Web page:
Jakarta Bay and Bunaken Ecosystems Sub-Global Assessment
The Jakarta Bay and Bunaken ecosystems were assessed for the period 1992-2002.
The Greater Jakarta Bay Ecosystem (GJBE) consists of two distinct parts:
Jakarta Bay, which is strongly influenced by land-based activities, and
Seribu archipelago, which is dominated by 110 small islands. The GJBE assessment
focused on marine biodiversity and fisheries, recreation and pollution flowing
into the bay The purpose of the assessment was to assist in informing policy
for better management of the ecosystem, especially in the context of increased
population growth and exploitation of ecosystem resources in the region.
Management needs are at the local, regional and national level.
Direct drivers of ecosystem change in the GJBE area are related to regional
economic activity. Habitat loss is caused by: population growth and urbanisation,
demand for live fish, lack of control of emissions, mangrove deforestation
and sand and coral mining. Drivers of resource depletion and habitat degradation
include: demand for clean water, lack of sewage treatment, overexploitation
of marine resources, and the socio-economic factors of poor oversight and
lack of economic alternatives (poverty).
The Bunaken National Park of North Sulawesi was assessed for the Bunaken
assessment. The purpose of the assessment was to assist decision-makers
in making informed land-use policy. In Bunaken, the primary stakeholders
are local government, NGOs and the private enterprises that established
the Bunaken National Park Management Council. Tourism and fisheries production
were the focus of the Bunakin assessment.
In the Bunaken National Park, major drivers of ecosystem change are population
growth, tourism development and water temperature change leading to coral
bleaching. Solid waste pollution is also a driver affecting cultural services.
Creation of the Bunaken National Park Management Advisory Board in 2000
for socio-political oversight of the park is a positive driver of change.
Results indicate that both the GJBE and Bunaken regions are under pressure
from intensive fishing and decreased water quality. Access to ecosystems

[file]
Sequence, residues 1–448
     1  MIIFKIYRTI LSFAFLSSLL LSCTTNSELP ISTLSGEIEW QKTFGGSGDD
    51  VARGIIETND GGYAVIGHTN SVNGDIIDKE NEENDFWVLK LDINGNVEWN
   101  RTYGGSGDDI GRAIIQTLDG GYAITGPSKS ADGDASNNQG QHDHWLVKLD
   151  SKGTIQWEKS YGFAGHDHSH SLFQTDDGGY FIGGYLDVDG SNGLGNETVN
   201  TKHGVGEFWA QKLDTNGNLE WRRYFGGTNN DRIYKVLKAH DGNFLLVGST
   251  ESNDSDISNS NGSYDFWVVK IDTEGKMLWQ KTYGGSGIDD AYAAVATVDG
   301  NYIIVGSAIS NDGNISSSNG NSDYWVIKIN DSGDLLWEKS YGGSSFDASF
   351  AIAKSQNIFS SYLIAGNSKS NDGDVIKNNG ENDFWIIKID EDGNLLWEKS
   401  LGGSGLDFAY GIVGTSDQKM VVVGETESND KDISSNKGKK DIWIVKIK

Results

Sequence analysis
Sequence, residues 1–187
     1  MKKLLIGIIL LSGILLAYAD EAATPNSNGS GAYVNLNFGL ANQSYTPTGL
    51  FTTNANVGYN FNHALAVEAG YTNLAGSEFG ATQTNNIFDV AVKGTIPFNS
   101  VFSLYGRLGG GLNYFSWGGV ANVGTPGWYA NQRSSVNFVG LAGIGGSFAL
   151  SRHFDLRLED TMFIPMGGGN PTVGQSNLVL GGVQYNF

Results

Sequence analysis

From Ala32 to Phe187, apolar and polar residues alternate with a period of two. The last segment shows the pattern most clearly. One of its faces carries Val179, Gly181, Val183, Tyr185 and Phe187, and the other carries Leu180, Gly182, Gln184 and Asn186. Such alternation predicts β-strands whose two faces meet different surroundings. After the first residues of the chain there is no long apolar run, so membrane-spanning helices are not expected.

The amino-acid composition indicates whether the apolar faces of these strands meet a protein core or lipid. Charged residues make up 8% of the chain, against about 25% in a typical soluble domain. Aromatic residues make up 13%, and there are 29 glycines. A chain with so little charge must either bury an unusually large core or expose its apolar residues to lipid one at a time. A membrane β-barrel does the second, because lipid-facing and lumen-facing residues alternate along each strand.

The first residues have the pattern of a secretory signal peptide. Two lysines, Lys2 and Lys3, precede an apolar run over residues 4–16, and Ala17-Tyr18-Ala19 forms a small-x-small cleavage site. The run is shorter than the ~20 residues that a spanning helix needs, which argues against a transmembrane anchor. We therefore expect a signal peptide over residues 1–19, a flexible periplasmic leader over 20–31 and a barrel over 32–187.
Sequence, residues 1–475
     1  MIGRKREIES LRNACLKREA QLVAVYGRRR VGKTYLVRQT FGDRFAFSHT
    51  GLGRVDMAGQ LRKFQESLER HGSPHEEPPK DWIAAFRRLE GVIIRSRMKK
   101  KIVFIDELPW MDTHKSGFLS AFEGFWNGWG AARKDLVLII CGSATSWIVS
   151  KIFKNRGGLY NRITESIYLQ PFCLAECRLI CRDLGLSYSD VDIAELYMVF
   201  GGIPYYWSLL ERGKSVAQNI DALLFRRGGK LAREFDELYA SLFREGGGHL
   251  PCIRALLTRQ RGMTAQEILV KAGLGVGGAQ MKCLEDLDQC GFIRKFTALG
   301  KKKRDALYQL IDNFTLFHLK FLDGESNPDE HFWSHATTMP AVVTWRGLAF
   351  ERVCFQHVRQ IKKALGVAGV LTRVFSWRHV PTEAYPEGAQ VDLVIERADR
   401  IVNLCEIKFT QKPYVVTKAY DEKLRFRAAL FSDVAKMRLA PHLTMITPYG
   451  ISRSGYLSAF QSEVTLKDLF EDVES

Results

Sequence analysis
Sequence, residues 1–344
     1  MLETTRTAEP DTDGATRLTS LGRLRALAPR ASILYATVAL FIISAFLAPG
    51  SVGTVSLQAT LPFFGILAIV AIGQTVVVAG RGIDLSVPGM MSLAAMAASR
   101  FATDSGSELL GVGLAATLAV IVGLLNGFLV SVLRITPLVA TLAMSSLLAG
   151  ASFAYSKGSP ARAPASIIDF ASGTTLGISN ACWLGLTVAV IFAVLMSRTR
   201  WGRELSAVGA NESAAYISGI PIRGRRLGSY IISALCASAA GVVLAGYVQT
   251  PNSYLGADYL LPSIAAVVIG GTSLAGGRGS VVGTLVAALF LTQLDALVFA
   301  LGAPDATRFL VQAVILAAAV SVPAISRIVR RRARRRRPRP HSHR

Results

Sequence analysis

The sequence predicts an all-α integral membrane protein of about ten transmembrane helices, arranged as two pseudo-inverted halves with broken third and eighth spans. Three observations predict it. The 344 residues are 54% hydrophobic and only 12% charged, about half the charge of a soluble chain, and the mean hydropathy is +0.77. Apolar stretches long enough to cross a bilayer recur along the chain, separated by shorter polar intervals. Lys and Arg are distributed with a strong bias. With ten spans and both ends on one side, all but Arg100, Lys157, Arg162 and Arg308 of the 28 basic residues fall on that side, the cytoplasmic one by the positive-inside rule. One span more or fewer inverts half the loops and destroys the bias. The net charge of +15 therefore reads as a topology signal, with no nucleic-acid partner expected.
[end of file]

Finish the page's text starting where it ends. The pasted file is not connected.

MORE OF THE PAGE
services, such as clean water and sufficient nutritious food, are limited
for many people. Poverty is a chronic problem.
Data for this assessment was collected from multiple sources, including
government ministries, NGOs, and published scientific literature. In Bunaken,
primary data from the Bunaken National Park Office and Natural Resources
Management (NRM) was used in assessing status of coral reefs and other aspects
of environmental integrity. Government statistics were used in calculations
of human wellbeing.
The GJBE part of the assessment was carried out by Zainal Arifin and
the Jakarta Bay Working Group. Reihart Patt and the Bunaken National Park
Management Council lead the assessment for Bunaken.
Funding for the assessment came from GEF (seed fund) and the Indonesian
Ministry of Environment.
- Mrs. Wahyu Indraningsih
Ministry of Environment
Assistant Deputy for Coastal and Marine Degradation Control
Jl. DI Panjaitan, Kebon Nanas, Jakarta 13410
tel. 6221-859 0568
tel./fax: 6221 859 04929
The focal issues of this assessment were ecosystems services, socio-economic
well-being, and trends and drivers of change in the ecosystem. Corals reefs,
fisheries, marine foods, waste management, quality of life for local residents
and tourism were included in the assessment. The links between these diverse
factors were assessed for the purpose of recommending management interventions
for more sustainable long-term economic development and environmental protection.
Ecosystem services assessed
Provisioning services: fisheries and marine food sources; regulating
services: water quality; cultural services: recreation and tourism opportunities.
The effects of drivers of ecosystem change on marine biodiversity were also
Project Outputs and Results
Results of this assessment indicate that waste management is a major
problem that must be addressed in management strategy. In addition to solid
waste problems, the Jakarta Bay in particular is forced to absorb huge amounts
of raw sewage and contaminated effluent. The pollution load of zinc, phosphate
and nitrate has exceeded the assimilative capacity of the bay.
Marine biodiversity was mostly high in the study areas. However, fish
catch has been decreasing in the GJBE. Marine-culture other than fishing
(mussels, seaweed, etc) is extremely important to the economy of the region.
Findings indicate that the socio-economic condition of local communities
living on the islands and along the GJBE must be strengthened through development
of fish and seaweed culture, as well as tourism, in order to improve the
economic security of the population and contribute to more sustainable resource
In Bunaken, the number of fisher people, fisheries production, and tourism
is increasing. Infrastructure related to the tourist industry is also expanding.
The assessment identified sustainable level of dive tourism as a major research
need in preserving the ecological integrity of the park. Destructive fishing
techniques, including blast and cyanide fishing, and anchoring are responsible
for much of the destruction of coral reefs in Bunaken.
The assessment recommends that government implement a cohesive development
policy at the local and national level, and that this policy include both
regulation and law enforcement. Mangrove forests, which are threatened by
wood harvesting, should be better protected to reduce negative impacts on
the fisheries and the ecological fabric of the coastline. Policy is needed
to address all of the direct drivers of ecosystem change, including: land-use
change, marine resource harvest and nutrient load.